Yup’ik (Native Americans of the Arctic)

Yup’iktmp2093_thumb, "Real People." The Yup’ik people were formerly known as Nunivak Inuit (or Eskimo), St. Lawrence Island Eskimo, West Alaska Eskimo, South Alaska Eskimo, and Southwest Alaska Eskimo. They are also known as Bering Sea Yuit and, with the Alutiiq (Pacific Eskimo), simply as Yuit. The St. Lawrence Islanders were culturally similar to Siberian Eskimos.

Location Yup’ik territory was located in southwestern Alaska, between Bristol Bay and Norton Sound, including Nunivak and St. Lawrence Islands.

Population The early-nineteenth-century Yup’ik population was between about 15,000 and 18,000. It was approximately 18,000 in the early 1990s.

Language The people spoke the Yuk or Central Alaskan Yup’ik (including St. Lawrence Island or Central Siberian Yup’ik) branch of Yup’ik. With Inuit-Inupiaq (Inuktitut), Yup’ik, or Western Eskimo, constitutes the Eskimo division of the Eskaleut language family.

Historical Information

History People have lived on Nunivak Island since at least 150 B.C.E. They made pottery and used mainly stone tools. The mainland has been inhabited for at least 4,000 years, with cultural continuity since circa 300 B.C.E.

Most groups avoided direct contact with non-natives until Russian traders established trading posts in Yup’ik territory, generally in the early nineteenth century. The Russians exchanged clothing, metal tools, and beads for beaver pelts. The Inuit began spending more time trapping beaver and less time on subsistence activities, eventually becoming dependent on the posts even for food. In general, Russian Orthodox missionaries followed the early traders. Most Inuit had accepted Christianity by the 1860s.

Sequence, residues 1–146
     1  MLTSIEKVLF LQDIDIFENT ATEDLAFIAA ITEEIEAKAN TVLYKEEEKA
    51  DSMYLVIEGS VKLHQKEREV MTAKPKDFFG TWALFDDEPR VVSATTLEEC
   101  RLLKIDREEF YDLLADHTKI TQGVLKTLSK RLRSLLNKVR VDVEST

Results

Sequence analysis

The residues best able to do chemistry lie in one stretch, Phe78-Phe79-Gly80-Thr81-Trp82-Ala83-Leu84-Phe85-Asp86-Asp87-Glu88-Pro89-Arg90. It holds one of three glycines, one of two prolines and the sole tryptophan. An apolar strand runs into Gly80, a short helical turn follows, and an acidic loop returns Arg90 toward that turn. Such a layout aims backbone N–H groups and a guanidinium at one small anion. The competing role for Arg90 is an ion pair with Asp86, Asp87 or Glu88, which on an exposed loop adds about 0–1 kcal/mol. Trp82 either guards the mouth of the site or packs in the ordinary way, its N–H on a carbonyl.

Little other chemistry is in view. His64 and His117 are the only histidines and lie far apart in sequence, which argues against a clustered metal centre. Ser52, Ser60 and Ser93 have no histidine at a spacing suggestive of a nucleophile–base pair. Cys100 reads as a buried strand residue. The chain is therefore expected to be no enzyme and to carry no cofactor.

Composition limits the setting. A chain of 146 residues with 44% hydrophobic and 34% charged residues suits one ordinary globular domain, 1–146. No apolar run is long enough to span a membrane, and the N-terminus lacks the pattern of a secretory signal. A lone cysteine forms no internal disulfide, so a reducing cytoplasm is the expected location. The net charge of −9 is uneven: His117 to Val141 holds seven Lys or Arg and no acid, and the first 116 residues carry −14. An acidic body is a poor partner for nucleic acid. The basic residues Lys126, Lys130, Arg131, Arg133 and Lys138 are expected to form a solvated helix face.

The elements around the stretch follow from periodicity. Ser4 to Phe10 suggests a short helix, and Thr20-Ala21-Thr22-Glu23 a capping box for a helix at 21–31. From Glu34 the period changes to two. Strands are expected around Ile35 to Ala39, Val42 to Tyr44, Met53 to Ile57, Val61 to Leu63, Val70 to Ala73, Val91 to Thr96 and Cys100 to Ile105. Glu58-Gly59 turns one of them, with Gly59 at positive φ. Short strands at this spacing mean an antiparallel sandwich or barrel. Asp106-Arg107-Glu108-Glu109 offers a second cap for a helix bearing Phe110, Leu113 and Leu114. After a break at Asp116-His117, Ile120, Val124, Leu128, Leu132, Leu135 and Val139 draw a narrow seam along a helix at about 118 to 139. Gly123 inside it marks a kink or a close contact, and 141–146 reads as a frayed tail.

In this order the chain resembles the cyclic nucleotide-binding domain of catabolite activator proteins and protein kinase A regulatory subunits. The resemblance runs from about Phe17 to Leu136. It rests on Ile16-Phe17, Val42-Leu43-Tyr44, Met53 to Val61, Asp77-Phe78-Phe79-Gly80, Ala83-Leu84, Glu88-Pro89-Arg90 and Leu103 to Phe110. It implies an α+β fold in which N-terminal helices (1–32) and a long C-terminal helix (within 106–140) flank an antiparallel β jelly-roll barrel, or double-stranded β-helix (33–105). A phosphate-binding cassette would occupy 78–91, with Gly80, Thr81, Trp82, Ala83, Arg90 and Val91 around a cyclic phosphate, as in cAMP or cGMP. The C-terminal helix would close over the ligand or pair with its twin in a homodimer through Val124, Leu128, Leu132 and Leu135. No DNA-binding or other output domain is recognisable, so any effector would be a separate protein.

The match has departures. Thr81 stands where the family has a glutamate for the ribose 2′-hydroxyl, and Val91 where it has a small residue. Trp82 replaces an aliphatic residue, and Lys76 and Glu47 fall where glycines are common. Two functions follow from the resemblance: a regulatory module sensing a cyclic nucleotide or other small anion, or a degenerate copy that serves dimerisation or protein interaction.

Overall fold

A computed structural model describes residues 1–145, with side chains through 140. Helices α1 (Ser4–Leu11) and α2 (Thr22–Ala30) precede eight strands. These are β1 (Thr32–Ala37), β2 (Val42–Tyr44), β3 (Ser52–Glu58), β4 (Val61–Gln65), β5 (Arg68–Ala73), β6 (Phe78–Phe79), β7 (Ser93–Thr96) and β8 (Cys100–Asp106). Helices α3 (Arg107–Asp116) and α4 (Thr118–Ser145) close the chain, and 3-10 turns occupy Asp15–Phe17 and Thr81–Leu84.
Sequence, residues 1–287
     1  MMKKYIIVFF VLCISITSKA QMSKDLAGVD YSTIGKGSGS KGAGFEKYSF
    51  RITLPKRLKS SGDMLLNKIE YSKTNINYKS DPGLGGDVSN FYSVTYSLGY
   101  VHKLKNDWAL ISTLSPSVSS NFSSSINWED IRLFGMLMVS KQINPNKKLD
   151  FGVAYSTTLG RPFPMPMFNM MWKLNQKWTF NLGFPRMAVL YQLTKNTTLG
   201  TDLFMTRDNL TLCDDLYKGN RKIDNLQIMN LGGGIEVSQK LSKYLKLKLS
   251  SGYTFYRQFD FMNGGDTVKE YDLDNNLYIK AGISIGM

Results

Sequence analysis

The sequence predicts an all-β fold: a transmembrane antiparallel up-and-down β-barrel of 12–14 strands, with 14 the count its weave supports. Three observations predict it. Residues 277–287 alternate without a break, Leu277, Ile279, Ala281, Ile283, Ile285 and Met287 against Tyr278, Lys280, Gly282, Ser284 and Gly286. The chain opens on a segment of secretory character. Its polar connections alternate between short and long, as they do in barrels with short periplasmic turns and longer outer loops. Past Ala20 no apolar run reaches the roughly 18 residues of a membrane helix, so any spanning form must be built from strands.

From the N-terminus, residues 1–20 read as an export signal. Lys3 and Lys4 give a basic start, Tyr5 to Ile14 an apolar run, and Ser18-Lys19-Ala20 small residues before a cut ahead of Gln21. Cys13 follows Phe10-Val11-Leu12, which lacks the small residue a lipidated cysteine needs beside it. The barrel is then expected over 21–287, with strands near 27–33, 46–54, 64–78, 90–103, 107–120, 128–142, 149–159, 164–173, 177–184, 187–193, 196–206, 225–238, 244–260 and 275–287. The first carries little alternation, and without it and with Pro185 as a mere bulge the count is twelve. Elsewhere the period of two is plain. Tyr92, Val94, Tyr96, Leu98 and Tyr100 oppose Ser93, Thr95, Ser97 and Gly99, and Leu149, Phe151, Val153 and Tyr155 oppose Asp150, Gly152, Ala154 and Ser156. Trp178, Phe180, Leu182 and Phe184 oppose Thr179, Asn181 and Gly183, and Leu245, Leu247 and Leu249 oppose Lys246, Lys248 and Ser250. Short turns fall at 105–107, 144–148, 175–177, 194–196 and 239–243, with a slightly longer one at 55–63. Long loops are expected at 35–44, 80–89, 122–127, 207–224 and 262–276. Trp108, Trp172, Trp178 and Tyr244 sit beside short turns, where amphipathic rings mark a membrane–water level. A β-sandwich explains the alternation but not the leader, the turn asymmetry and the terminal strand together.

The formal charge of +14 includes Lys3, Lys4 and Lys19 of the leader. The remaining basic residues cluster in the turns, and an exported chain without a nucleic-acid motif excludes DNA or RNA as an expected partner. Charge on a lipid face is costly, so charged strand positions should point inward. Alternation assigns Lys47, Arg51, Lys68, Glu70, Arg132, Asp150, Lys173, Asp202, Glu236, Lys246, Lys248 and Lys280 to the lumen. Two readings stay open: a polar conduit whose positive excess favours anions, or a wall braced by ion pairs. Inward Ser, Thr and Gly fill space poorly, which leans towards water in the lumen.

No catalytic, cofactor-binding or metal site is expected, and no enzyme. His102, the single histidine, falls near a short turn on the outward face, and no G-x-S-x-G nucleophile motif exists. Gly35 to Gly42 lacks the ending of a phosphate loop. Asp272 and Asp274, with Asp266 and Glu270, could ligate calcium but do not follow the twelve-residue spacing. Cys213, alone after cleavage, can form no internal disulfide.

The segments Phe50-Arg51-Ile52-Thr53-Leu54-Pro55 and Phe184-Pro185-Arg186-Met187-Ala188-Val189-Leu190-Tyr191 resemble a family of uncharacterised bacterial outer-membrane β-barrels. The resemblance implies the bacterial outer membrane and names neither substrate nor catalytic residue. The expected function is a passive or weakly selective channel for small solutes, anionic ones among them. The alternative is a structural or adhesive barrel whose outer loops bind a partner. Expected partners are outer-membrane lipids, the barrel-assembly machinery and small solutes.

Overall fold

This process was uneven throughout the region. St. Lawrence Island people first met non-natives in the 1850s, whereas people on the Yukon Delta did not do so until the late nineteenth century. About 1,000 people (roughly two-thirds of the total population) of St. Lawrence Island died in 1878 from a combination of natural causes combined with a high incidence of alcohol abuse. Nunivak Island was similarly insulated (contact occurred in 1821 but perhaps not again until 1874), in part owing to the shallowness of the surrounding sea. The first trading post, which included a reindeer herd, was established there in 1920; missionaries and schools dated from about the 1930s. The people experienced various epidemics throughout the early to mid-twentieth century.